What is a reward in Ms. Gray’s Tea-kwon-do class? Hot Cocoa
Hot cocoa making, watching a movie and eating popcorn, playing Zombie games, and other fun activities serve as an incentive for students in their classes. The initiative was piloted in fall 2018 after specialty teachers, together with the school’s principal Mr. Toledano, brainstormed ways they could both incentivize and reward students. “After experimenting with a point system, and 'doing-well' folders, we decided to try out a version of a 'green-yellow-red' classroom behavior chart that many elementary teachers use in their classes," explained Ms. Barry, the Art teacher. And it works — the majority of students strive to excel in their classes, so that they can be on the “green” list and can participate in the Specialty Fairs.
My FoodCorps AmeriCorps year of service with Tobin K-8 School began this fall, and on Thursday, October 31, I participated in my first Specialty Fair — the first one of the academic year. In the first week of school, Ms. Rosa, the PE teacher, suggested having a Harvest Fest theme for the Specialty Fair, and announced she would dress up during the Specialty Fair as a fruit or vegetable. As a newcomer to the school, I certainly did not foresee that coming, but was very excited for the event.I co-teach food, nutrition, and gardening-based lessons, and considered several food-themed activities for the Specialty Fair. For the day, we decided that I would lead a pumpkin pie spice hot cocoa activity, the name of which was upgraded to “Pumpkin Pie Spice and Everything Nice.” My activity complimented others for the event, including zombie games, pumpkin painting, scary art making, and martial arts. “Pumpkin Pie Spice and Everything Nice” had two parts:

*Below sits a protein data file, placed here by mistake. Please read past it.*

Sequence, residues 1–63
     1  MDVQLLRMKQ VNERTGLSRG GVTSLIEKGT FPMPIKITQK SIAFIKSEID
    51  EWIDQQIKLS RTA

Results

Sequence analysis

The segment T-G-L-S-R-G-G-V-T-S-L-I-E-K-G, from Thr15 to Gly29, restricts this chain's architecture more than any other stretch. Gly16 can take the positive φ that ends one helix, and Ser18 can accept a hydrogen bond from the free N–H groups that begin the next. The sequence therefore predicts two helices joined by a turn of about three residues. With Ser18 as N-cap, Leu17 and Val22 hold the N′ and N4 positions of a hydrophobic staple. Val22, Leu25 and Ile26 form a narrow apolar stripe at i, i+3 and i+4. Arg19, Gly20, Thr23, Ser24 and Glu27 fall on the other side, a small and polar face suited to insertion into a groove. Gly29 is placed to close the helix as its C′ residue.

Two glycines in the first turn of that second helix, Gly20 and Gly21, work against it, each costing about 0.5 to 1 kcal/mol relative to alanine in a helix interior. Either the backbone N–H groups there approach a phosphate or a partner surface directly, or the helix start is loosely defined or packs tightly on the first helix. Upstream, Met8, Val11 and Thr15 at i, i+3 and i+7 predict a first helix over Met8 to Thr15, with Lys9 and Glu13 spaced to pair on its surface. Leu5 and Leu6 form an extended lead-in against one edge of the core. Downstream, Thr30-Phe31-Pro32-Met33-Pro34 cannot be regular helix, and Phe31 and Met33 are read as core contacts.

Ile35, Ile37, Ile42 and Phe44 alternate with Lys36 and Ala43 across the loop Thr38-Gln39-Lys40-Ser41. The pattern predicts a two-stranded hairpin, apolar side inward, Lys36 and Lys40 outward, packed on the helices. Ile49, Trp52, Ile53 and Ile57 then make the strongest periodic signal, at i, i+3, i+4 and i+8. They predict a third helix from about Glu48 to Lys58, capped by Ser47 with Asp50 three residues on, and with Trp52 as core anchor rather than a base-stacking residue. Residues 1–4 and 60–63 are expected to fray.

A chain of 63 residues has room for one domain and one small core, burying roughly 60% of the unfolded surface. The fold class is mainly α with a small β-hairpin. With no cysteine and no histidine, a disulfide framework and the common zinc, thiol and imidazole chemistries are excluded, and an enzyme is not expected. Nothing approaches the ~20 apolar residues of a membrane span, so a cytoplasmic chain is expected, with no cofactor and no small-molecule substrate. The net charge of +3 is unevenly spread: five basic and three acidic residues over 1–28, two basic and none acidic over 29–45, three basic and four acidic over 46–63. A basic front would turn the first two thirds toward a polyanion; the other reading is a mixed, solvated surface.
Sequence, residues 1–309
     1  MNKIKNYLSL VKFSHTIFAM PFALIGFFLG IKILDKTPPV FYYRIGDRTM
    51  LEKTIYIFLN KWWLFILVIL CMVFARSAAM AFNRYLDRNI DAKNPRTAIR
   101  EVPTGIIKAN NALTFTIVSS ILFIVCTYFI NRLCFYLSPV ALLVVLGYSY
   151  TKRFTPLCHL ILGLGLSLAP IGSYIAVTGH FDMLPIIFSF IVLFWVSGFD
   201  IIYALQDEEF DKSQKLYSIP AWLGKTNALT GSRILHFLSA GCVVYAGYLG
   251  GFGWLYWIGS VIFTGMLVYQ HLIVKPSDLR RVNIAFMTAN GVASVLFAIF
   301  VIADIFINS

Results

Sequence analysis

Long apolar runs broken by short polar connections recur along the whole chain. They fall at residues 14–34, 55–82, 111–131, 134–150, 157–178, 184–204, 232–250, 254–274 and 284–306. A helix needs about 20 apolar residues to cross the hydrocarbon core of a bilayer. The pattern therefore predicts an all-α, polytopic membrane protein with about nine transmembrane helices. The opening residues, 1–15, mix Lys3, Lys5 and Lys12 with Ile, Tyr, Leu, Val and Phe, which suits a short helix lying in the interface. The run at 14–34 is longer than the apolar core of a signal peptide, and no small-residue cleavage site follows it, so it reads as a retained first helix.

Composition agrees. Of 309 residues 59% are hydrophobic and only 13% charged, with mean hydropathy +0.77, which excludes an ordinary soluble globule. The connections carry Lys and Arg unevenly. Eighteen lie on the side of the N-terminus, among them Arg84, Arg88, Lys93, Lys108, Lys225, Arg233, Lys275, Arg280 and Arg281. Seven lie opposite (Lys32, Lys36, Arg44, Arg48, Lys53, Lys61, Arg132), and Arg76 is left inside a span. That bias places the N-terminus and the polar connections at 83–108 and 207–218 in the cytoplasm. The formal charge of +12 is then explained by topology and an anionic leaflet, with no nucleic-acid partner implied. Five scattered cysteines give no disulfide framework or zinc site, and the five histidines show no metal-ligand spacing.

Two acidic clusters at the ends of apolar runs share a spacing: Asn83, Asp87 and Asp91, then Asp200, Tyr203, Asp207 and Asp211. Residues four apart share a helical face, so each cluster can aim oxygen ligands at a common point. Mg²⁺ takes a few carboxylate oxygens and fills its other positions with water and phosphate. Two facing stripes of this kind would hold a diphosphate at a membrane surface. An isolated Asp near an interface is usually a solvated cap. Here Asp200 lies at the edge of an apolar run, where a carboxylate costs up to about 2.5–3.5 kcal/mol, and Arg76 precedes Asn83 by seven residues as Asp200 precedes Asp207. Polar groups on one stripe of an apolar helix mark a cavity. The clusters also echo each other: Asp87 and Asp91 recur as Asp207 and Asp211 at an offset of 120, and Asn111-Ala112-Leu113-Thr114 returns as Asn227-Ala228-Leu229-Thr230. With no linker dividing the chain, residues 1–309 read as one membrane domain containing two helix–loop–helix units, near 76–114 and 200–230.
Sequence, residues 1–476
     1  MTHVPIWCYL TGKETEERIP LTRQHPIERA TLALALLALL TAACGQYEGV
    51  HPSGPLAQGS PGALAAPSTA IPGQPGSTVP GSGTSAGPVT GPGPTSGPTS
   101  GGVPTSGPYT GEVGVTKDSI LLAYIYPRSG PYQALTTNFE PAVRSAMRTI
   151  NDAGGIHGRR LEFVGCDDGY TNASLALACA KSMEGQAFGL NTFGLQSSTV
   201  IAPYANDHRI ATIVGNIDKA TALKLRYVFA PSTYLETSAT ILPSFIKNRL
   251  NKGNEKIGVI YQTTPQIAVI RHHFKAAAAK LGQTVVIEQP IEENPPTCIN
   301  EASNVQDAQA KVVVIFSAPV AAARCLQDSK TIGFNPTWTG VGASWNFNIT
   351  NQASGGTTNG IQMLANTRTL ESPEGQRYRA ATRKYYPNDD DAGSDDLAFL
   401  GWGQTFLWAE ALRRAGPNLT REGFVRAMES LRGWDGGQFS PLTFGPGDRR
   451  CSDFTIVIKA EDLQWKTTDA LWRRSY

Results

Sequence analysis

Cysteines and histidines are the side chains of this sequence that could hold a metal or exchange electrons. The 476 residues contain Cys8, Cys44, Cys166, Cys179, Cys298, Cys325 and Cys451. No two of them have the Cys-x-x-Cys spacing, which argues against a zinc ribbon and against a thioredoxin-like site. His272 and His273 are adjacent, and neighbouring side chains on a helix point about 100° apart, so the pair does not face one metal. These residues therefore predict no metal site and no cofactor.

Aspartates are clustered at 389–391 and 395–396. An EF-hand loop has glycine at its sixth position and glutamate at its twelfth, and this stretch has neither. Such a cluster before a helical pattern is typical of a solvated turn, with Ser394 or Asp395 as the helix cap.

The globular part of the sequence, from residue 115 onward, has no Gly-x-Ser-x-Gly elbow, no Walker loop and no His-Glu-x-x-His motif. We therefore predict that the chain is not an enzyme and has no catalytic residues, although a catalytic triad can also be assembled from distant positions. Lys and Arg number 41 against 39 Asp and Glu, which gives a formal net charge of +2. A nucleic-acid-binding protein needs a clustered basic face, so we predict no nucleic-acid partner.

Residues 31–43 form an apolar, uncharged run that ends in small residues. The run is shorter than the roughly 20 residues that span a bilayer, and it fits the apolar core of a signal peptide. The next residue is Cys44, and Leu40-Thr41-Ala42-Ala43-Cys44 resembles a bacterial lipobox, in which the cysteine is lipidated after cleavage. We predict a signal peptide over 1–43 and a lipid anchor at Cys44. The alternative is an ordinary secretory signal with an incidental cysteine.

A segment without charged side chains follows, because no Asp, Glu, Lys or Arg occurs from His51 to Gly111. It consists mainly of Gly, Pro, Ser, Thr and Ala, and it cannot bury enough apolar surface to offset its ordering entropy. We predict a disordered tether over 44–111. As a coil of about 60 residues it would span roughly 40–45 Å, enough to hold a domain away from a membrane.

- first, students mixed their own pumpkin pie spice mix, and
- second, they made and drank hot cocoa.
To make the mixing of the spices more educational, I brought ground cinnamon to use for mixing and rolled cinnamon tree bark sticks for exploring the source of the ingredient via touch and smell. Similarly, we had ground nutmeg and whole nutmeg, ground ginger and fresh ginger root, and dried cloves and a coffee grinder to grind them up.
Afterwards, the exciting hot cocoa making part began. On the portable hotplate, I set a pot and invited each student to pour 3/4 to 1 cup of oat milk. Then, each student added 1/4 of a tablespoon of their pumpkin pie spice mix to the pot and 1-2 tablespoons of hot cocoa powder. We turned on the heat, and not too much later, the lovely scent of pumpkin pie spice filled the air. While we waited for the hot cocoa to heat, I invited students to do some pumpkin-pie-spice-themed word searches and coloring sheets. Ten minutes later, voila! Everyone was in a hot cocoa bliss. Over four class periods, with a total of 40 students from grades first through sixth, we mixed pumpkin pie spices and made and enjoyed hot cocoa.
This post was written by Anna Jacobs, a FoodCorps AmeriCorps Service Member at the Maurice J. Tobin K-8 School.